a relatively large and erratic, and the terms of each successive
cosine are twice as widely spaced (because the argument is x^(2^n)).
As a result, at any given point in the power series the erratic
leading terms are very over-represented.  There's no point at which
we can truncate the series and have a representative (convergent)
contribution from most of the cosines.  Adding more terms, attempting
to force convergence, just introduces the flakey low-order terms of
even higher order cosines, which will require us to go to even higher
powers to resolve, and so on.

It may seem puzzling at first that, although each cosine expansion
converges in a finite number of terms for any given x, the sum of
all these expansions does not converge for any x>1.  This is
essentially the same phenomenon that sometimes bothers people in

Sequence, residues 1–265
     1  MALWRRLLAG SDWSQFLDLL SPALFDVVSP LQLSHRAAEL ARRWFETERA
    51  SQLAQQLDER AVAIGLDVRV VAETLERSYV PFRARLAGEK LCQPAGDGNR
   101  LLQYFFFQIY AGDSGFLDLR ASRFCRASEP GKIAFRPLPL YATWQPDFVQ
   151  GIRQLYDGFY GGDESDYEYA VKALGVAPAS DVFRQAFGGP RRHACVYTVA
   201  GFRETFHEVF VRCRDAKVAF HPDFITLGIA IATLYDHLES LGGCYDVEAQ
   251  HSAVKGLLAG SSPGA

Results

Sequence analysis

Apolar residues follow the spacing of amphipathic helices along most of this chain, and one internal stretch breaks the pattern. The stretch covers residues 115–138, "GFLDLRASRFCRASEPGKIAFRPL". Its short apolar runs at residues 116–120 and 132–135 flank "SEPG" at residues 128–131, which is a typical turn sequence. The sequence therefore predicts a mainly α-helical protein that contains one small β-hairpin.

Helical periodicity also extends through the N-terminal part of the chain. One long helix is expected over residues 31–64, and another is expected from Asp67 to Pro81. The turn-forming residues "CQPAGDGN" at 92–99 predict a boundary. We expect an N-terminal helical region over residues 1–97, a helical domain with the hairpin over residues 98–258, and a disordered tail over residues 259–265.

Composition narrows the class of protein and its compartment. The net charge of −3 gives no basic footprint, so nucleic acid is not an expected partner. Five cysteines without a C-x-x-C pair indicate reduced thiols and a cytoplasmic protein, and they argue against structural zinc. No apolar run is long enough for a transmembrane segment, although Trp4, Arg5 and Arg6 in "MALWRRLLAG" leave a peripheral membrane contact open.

regard to Cantor's diagonalization proof, when they argue that the
diagonalization procedure could be applied to a list of all
rational numbers to yield another rational number not on the list.
Of course, we know that the number produced in this way would not
be rational, but people sometimes have difficulty understanding this
because the new number is generated solely based on the digits of a
set of purely rational numbers.  It's basically the "Door Paradox":

Suppose you need to make a door big enough to allow
the tallest possible person to pass through.  If every
person's height is finite (but there is no upper limit
to a person's height) how big must the door be?

The "paradox" is that you evidently need an infinitely tall door to
make room for a bunch of people whose heights are all finite.  This
transition between the "finite-but-unbounded" and the "infinite"
seems to be the point where our intuition is most easily confused.

On the other hand, in fairness to intuition, it actually is possible
to establish a connection between limits of trig functions and the
distinction between rational and irrational numbers.  For example,
Dirichlet defined the function

f(x) =  lim [m->inf] lim [n->inf] { cos(m!*pi*x) }^(2n)

and proved that f(x) equals 1 for all rational x and 0 for all
irrational x.
```